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Union of India Vs. Sudhir Kumar Jaiswal [1994] INSC 286 (4 May 1994)

Hansaria B.L. (J) Hansaria B.L. (J) Kuldip Singh (J)

CITATION: 1994 AIR 2750 1994 SCC (4) 212 JT 1994 (3) 547 1994 SCALE (2)808



The Judgment of the Court was delivered by HANSARIA, J.- 1st of August of the year concerned has been fixed as the date with reference to which the eligibility of persons desirous of sitting in competitive examination for recruitment to the Indian Administrative Service/Indian Foreign Service etc., qua their age for which both minimum and maximum is normally fixed, is being determined. This cut-off date had been fixed when the Union Public Service Commission had been conducting only one written examination which used to be normally after 1st August. The Commission, however, felt the necessity of holding a preliminary examination which normally takes place before 1st day of August. Even so, the eligibility of the applicant, regarding satisfaction of the age requirement continued to be ascertained with reference to his age as on 1st August of the year concerned.


2. The aforesaid cut-off date came to be challenged before various Central Administrative Tribunals, one of which is Central Administrative Tribunal at Allahabad. The Tribunal in its earlier decisions rendered, inter alia, in OA Nos. 778 of 1991 and 881 of 1991 on 19-9-1991 did not find anything arbitrary in taking 1st August as the cut-off date despite holding of the preliminary examination before that date. Indeed, in two OAS which had been filed by the respondent himself before the aforesaid Tribunal which were registered as OA Nos. 168 of 1990 and 1161 of 1992 and came to be decided on 7-5-1993, the Tribunal had not accepted the contention of the respondent that fixation of 1st August was arbitrary. A different view has, however, been taken in the present impugned judgment by the same Tribunal by holding that 1st of August as the cut-off date is arbitrary. The appellants, namely, the Union of India and the Union Public Service Commission have assailed the legality of this decision.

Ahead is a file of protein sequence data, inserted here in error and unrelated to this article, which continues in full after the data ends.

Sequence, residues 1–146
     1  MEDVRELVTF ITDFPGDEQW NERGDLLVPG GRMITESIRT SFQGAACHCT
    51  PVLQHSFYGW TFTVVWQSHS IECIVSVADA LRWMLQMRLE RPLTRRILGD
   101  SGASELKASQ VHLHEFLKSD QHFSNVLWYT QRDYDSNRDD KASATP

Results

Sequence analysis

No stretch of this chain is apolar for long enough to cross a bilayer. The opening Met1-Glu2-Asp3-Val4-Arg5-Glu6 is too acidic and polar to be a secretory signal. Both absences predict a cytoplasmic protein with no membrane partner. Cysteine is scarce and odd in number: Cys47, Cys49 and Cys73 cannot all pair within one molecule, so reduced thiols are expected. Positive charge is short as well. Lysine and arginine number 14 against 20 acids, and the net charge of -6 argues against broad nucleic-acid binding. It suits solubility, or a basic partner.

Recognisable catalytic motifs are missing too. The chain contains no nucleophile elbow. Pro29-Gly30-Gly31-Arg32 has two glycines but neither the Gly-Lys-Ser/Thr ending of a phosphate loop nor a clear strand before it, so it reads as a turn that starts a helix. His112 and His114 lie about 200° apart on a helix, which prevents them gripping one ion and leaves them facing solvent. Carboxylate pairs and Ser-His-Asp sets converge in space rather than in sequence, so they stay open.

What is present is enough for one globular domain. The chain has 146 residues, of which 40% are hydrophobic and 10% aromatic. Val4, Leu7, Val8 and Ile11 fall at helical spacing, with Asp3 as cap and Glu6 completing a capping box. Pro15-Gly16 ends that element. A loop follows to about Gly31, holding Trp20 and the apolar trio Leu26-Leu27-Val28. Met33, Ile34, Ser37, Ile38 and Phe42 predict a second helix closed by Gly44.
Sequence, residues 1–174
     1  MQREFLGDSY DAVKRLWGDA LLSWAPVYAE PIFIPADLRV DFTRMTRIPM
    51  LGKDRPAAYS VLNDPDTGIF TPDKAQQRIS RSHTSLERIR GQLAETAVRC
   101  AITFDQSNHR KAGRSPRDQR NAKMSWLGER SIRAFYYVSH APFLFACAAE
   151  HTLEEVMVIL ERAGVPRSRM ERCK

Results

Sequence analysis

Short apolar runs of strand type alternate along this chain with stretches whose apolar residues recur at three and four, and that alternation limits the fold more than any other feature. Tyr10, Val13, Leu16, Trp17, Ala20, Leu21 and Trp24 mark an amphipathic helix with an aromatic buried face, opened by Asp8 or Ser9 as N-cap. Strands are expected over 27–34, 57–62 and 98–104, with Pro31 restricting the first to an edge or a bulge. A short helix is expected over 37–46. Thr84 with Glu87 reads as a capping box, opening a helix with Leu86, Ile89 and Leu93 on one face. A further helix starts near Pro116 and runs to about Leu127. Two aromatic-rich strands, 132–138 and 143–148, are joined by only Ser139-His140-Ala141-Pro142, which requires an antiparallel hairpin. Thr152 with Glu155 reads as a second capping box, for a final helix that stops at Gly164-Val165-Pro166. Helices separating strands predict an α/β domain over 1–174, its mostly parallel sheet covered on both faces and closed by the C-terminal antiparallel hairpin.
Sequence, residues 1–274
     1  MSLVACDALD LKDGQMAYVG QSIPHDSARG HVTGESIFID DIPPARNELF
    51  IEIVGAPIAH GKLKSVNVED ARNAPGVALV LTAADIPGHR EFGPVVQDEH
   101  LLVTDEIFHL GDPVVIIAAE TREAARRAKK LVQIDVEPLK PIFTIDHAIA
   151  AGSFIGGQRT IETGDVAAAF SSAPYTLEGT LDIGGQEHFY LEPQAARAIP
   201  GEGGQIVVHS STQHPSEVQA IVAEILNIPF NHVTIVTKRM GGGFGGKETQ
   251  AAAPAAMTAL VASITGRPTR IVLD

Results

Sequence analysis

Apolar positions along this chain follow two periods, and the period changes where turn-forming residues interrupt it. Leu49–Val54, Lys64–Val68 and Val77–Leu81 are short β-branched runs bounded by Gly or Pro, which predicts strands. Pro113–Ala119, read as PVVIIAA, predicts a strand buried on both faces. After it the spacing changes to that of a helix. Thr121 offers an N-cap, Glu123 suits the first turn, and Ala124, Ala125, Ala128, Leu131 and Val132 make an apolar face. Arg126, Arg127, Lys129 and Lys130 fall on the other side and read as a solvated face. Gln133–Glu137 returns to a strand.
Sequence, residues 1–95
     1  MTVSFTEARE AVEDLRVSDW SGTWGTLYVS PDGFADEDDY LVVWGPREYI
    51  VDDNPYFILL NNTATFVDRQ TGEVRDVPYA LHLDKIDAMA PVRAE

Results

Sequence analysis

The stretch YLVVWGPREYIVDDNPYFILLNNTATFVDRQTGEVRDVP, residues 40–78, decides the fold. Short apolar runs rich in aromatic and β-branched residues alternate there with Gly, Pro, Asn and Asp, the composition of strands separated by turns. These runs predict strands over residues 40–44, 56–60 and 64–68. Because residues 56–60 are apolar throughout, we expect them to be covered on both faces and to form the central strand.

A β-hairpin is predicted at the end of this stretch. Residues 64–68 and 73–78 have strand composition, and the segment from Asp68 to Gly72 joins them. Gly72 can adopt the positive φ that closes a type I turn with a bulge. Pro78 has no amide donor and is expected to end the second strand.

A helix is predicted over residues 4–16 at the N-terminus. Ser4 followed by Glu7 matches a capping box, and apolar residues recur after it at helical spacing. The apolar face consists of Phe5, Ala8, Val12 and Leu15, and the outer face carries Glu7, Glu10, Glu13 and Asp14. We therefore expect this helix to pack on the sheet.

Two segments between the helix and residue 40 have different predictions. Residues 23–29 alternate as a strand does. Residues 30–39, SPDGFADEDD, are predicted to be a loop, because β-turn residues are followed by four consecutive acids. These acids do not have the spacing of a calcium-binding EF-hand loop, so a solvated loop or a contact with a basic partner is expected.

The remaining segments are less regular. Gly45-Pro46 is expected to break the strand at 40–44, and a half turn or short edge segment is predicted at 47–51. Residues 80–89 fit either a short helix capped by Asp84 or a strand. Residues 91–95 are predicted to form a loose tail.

3. That there can be no arbitrariness in fixation of even.

a cut-off date is not disputed before us by the learned Additional Solicitor General who has appeared for the appellant. This stand has been correctly taken, because after Article 14 has spread its wings in the field of administrative law following what was principally held in Maneka Gandhi case' no stand can be taken by any administrative authority that it can act arbitrarily.

Indeed, even before the decision in Maneka Gandhi' law was that no administrative authority has absolute discretion to decide a matter within its competence the way it chooses.

This has been the accepted position and this Court had cited with approval what had been stated in this regard in United States v. Martin Wunderlich2 the relevant part of which reads as below:

"Law has reached its finest moments when it has freed men from unlimited discretion of some ruler, some civil or military official, some bureaucrat. ... Absolute discretion is a ruthless master. It is more destructive of freedom than any of man's other inventions."

4. Insofar as fixation of cut-off date is concerned, the same can be regarded as arbitrary by a court if the same be one about which it can be said that it has been "picked out from a hat", as was found to be by this Court in D.R. Nim v. Union of India3 because of which fixation of 19-5-1991 as the date for the purpose concerned was held to be invalid.

5. As to when choice of a cut-off date can be interfered was opined by Holmes, J. in Louisville Gas & Electric Co. v. Clell Coleman4 by stating that if the fixation be "very wide of any reasonable mark", the same can be regarded arbitrary.

What was observed by Holmes, J. was cited with approval by a Bench of this Court in Union of India v. Parameswaran 1 Maneka Gandhi v.Union of India, (1978)1 SCC248:AIR 1978 SC 597 2 342 US 98:96 LEd113 (1951) 3 AIR 1967 SC 1301: (1967) 2 SCR 325 4 277 US 32: 72 L Ed 770 (1927) 215 Match WorkS5 (in paragraph 10) by also stating that choice of a date cannot always be dubbed as arbitrary even if no particular reason is forthcoming for the choice unless it is shown to be capricious or whimsical in the circumstances.

It was further pointed out where a point or line has to be, there is no mathematical or logical way of fixing it precisely, and so, the decision of the legislature or its delegate must be accepted unless it can be said that it is very wide of any reasonable mark.

6. The aforesaid decision was cited with approval in D. G. Gouse and Co. v. State of Kerala6; so also in State of Bihar v. Ramjee Prasad to which decision we shall have occasion to refer later also.

7. In this context, it would also be useful to state that when a court is called upon to decide such a matter, mere errors are not subject to correction in exercise of power of judicial review; it is only its palpable arbitrary exercise which can be declared to be void, as stated in Metropolis Theater Co. v. City of Chicago8 in which Justice McKenna observed as follows: